5) Keep Your Hands Free

Except for a flashlight and one of the items discussed below, keep your hands free. If you are carrying anything, put it all in one bag or backpack. This will make it easier for you to react if you notice someone following you. In a dangerous situation, carrying too many bags can keep you from moving as quickly as you can if your hands are free or if you only have one bag.

6) Carry a Non-Violent Deterrent

In addition to a flashlight, carry a non-violent deterrent such as a whistle, mace, or pepper spray. A whistle will help you alert others and call them to aid you if something is wrong. The loud noise may put off attackers, and they’ll move on to find someone else. Mace or pepper spray can give you enough time to evade a potential attacker, and in a pinch, a flashlight can be used as a weapon. Make sure you know how to use the mace or pepper spray to get its full effect.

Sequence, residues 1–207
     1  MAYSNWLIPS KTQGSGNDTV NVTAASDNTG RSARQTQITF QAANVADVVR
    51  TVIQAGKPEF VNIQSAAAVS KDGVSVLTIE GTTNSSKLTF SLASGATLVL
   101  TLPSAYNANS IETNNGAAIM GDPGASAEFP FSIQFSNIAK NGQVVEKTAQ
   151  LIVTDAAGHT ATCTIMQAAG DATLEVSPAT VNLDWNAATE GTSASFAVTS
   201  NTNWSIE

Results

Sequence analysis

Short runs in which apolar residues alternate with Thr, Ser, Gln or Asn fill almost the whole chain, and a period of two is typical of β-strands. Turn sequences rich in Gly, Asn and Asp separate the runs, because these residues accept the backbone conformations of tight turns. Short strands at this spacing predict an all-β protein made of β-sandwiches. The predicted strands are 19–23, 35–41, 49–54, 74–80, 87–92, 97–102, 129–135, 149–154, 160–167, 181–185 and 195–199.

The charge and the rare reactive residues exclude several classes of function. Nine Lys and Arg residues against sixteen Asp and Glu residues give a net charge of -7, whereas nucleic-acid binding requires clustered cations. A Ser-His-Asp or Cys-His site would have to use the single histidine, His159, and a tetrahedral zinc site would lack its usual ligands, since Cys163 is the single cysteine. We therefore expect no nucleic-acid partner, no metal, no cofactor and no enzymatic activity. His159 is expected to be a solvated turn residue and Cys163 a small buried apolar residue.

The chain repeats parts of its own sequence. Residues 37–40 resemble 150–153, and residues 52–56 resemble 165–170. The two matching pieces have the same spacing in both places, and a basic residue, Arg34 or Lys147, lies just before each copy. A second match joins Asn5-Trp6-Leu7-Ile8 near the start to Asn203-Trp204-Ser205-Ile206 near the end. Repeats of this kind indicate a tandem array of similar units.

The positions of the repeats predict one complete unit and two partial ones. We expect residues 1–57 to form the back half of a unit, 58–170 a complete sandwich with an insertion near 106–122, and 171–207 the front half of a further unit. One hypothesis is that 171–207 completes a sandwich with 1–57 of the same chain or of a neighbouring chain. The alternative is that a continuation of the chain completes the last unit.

7) Wear Reflective Clothing to Prevent Accidents

When it comes to personal safety, it’s not just about suspicious people. Areas with low visibility can be prone to accidents. Reflective clothing allows bikers and cars to see you as you walk along. A flashlight or headlight can also help drivers see you if there are dark stretches of road on your route.

8) Take a Self-Defense Class

When fighting off something as an assault, the element of surprise can work in your favor. If you regularly walk alone, take a self-defense class. You don’t have to become a black belt. In fact, it’s probably better to learn something like Krav Maga, which has been popular for self-defense. The idea is to disable your attacker enough for you to get to safety, and a class focused on self-defense will help give you those survival skills.

9) Remove Any Distractions